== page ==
Real-time polymerase chain reaction (PCR)

After ten days, the rats were anaesthetised with ether and perfused transcardially with cold 0.9% saline. Then, brains were immediately removed, and the diencephalon was dissected out in three coronal sections. The first coronal section is anterior to the optic chiasma; the second coronal section is posterior to the posterior border of the mammillary bodies, and the third coronal section is made in the middle of the optic tract, just rostral to the infundibulum. Then, the remaining part is divided into two parts, in which the posterior part is identified as the ARC nucleus and isolated and immersed in liquid nitrogen immediately[16] and stored in phosphate-buffered saline at −80°C for RNA extraction. For mRNA expression analysis, RNA was extracted from the ARC using TRIzol reagent (INVITROGEN Thermo Fisher Scientific) according to the manufacturer’s instructions. RNA purity was assessed by spectrophotometry at 260/280 nm (Nanodrop, Thermo Scientific), and reverse transcription was performed using a semi-quantitative real-time PCR system (CFX96 Touch Real-Time PCR Detection System, Life Science Research BioRad). The purity of RNA was considered valid if the ratio of A234.9/A280 was in the range of 1.8 to 2.0. GAPDH was used as an internal control to normalise the gene expression of IL-6, Nfkbia, CD-68 and EMR-1. The primer sequences were as follows: Nfkbia forward, TGCCTGGCCAGTGTAGCAGTCTT, reverse, CAAAGTCACCAAGTGCTCCACGAT; rat Il-6 forward, CAGAGGATACCACCCACAACAGA, reverse, CAGTGCATCATCGCTGTTCATACA; rat Emr-1 forward, AATCGCTGCTGGCTGAATACGG, reverse, CCAGGCAAGGAGGGCAGAGTT; Cd68 forward, CTTCCCACAAGCAGCACAG, reverse, AATGATGAGAGGCAGCAAGAGA; GAPDH forward, AACGACCCCTTCATTGAC, reverse, TCCACGACATACTCAGCAC. The PCR percentage efficiency calculation yielded a value of 92.7%, indicating the robustness of our experimental approach. The regression equation for the calibration curve was y = −3.5229x + 40.413, where y represents the Ct value and x represents the log complementary DNA (cDNA) copies per mL. The regression coefficient (R2) for the curve was 0.9968, indicating a strong correlation between the log cDNA copies per mL and the Ct values.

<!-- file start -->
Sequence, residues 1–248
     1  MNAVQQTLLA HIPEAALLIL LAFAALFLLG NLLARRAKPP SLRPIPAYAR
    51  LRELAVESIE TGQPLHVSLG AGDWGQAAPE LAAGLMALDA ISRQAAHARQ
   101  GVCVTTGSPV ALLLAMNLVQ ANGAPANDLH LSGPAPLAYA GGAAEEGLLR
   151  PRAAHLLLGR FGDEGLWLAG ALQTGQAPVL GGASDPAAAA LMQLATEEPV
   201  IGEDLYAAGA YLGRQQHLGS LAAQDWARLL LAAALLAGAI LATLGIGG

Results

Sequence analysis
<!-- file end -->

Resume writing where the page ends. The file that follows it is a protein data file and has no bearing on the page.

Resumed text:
Quantification of Oxidative stress markers

Immediately after exposing the brain, tissue pieces were immersed in liquid nitrogen and stored at −80°C. Tissue homogenates were prepared by mixing with 5% metaphosphoric acid, followed by centrifugation (1,500 g, 10 min, 4°C). Glutathione (GSH) and glutathione peroxidase (GPx) levels were estimated using a colorimetric method described.[17-19]

Superoxide dismutase (SOD) activity was measured indirectly using the SOD assay kit from Sigma Aldrich (Cat no.19160) with the WST formazan reagent. Hydrogen peroxide (H2O2), a ROS, was estimated using the peroxide assay kit from Sigma Aldrich (Cat no. MAK311) following the manufacturer’s instructions.

Statistical analysis